This could be git related or not. So, what's on your workbench at the moment?
I have 4 scarf joint necks in different stages of work.
A 25" scale pine 5 string neck for a Banjo-Res, A 25" scale Red Oak neck for my 6 string Strat-Res build, A 24 & 1/2" scale Red Oak neck for my 6 string Double Cut Tele build and a 27" scale 6 string Baritone Conversion neck for a Modern Strat body I have.
There are forums that can help you rebuild that into a guitar tube amp if your interested in doing that. Some of the tubes may not be suitable for a guitar amp, but you never know until you look into it.
Which every you choose to do, that case will make an awesome guitar amp.
Those caps are of large volt ratings and they can have enough voltage stored to stop your heart, so it's good to know how to discharge them which isn't that hard to do. Antique Electronic Supply or other supplier will have what you need.
The tubes are a bit different from what a guitar amp would have. Radio tubes are often cleaner sounding than what would be in a guitar amp and would make a great acoustic amp or Bass amp. Often times you can switch tubes for other types to get more guitar tone.
If you go with the solid state chip amp instead, find someone that could use the tube amp chassis and give it to them or sell it to someone that needs it.
For now I think I'll keep the tube chassis in there. It's the safest place to store it. I do know someone who an rebuild the valve chassis, it's all intact but that's a project for another day. I did consider turning it into a valve guitar amp but if I were to rebuild it, it would be as a radio.
I bought a old Motorola 1957 stand alone record player at a yard sale for 20 bucks. All the veneer was coming off and the 15" speaker was torn, but the tube amp worked.
I fixed the speaker and plan on turning the amp into a acoustic/bass amp after a little rewiring and cap replacement. All the original tubes work.
I found a 1965 Silvertone 1482 guitar amp on the curbside with thrown out trash from a house. I took it home and it needs a recap job(sounds a little noisy), but it sounds good. I was a Solid State amp guy for 30 years, now I love tube amps.
Before I realized you were in Ireland I was going to say I'd love to get my hands on it. But with shipping and bribes for customs, it would be cost prohibitive. Just make sure it finds a good home with someone who appreciates the value of it. My 2 cents.
Hi Paul, just wondering, as a scarf joint is normally used to form the angle for the peghead and you mention starting your scarf joints under the 1st to 3rd fret area, how do you incorporate the angle for the peghead.? With your method hat angle starts starts an inch or two away from that joint, doesn't it? Do you have a photo, I'm missing something.
Just my thoughts on why I do it differently, I like to keep the joint as part of the peghead for a couple of reasons: one its wider than the neck, so more gluing area, with a hardwood overlay back and front, its suitably reinforced, and the glue lines are hidden. And an important point is that the tension of the string does not have the long leverage advantage as they are right on top of the joint area.
I saw a diagram from a Google search that showed a 3/4" thick piece of wood which is what we get when we buy a 1" thick board. The piece was laid on it's 3/4" side and a line was drawn across for the back side of the nut area(A) and another line 3" back towards the neck heel(B). then a diagonal line is drawn from bottom of line A to top of line B. Cut through board on diagonal line, flip the cut off piece 180 degrees and glue it back into place to form the headstock. It equals out to about 6 or 7 degrees angle. Then the fretboard glued on top of that after the trussrod channel is cut and rod installed.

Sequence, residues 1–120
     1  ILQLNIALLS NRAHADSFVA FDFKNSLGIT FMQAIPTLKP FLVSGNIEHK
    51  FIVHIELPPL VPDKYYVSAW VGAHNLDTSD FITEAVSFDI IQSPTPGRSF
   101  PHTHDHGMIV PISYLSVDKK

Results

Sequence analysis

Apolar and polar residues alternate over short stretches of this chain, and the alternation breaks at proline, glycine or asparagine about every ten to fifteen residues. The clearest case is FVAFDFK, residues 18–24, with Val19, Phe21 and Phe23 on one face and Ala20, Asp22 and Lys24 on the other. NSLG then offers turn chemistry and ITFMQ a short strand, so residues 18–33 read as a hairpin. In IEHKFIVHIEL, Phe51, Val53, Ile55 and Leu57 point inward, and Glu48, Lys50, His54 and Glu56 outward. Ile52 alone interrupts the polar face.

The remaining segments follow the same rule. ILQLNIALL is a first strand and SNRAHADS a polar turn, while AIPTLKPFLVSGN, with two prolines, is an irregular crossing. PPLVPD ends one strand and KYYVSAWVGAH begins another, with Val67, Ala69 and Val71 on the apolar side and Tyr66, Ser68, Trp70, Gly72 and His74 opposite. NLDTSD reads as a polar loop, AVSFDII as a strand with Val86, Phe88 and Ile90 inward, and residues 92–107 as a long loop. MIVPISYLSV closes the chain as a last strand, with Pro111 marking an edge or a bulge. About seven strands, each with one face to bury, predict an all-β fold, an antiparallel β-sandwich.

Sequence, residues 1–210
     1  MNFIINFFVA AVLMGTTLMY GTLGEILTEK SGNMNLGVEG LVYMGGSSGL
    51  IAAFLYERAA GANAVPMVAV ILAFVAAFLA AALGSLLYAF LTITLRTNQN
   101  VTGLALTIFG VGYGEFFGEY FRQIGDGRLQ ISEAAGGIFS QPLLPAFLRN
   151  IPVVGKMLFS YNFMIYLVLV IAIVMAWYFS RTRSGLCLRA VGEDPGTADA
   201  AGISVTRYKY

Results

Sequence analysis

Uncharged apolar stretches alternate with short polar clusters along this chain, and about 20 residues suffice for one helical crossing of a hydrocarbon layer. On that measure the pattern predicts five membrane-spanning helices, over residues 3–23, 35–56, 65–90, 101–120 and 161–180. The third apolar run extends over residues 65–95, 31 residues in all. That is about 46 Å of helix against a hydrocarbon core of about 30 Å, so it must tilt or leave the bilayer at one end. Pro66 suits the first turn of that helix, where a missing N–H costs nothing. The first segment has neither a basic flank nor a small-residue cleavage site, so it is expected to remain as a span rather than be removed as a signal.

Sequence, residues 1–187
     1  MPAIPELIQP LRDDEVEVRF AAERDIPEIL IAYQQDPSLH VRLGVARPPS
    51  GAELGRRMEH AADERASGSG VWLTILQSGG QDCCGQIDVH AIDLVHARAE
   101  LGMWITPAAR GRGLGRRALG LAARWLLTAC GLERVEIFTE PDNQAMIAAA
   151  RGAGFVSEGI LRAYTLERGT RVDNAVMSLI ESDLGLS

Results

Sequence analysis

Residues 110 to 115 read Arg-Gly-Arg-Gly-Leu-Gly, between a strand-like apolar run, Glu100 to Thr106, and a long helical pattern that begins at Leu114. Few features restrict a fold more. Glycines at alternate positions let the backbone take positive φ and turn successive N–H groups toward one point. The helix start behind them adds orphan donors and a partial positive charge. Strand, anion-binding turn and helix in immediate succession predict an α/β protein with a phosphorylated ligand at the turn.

Yeah that looks good. I go the other direction so I don't have to add a headstock veneer to cover the joint which is usually a bit off/messed up due to me doing it all by hand tools and practically no jigs. That's changing now.
I have to say what my mentor always said,,,,,"it's all about the glue joint". Simply meaning the glue will be stronger than the wood. If you stood on it after thorough curing, the wood would splinter, not the joint..... A bit unorthodox, but I used to cut my scarf joints on a 12 inch chop saw, good blade, square wood, laser for the cut, it made awesome glueing surfaces. Then the saw disappeared. (wasn't mine). One of the main things to avoid is glue starving the joint with too much clamping pressure. So I would get it set (after drilling 1/16 x 1/16 holes, randomly on both surfaces, in the meat of the wood), then wrap and stretch electrical tape around, sometimes almost a whole roll. Then after a bit (titebond III), add a clamp or two. Personally I think adding anything like dowels in the joint itself comprises the integrity of the wood. my 2 cents again. Don't glue starve the joint.
Yes Daniel, glue application is important. I also keep in mind that one of my surfaces is end grain and that can effect strength of the joint by absorbing more of the glue than the other close grain surface, [see photo above] this could also contribute to "starving". I am not convinced that dowels add much to a well executed joint. I have had many guitars on the bench for repair that had dowels in certain joints, and they failed.
I would not call the use of a drop saw unorthodox Daniel for a spice joint in a neck, I cant ever remember using anything else for mine, except by hand light years ago. But then many of my machine are modified for lutherie tasks and could be called unorthodox. Ha ha.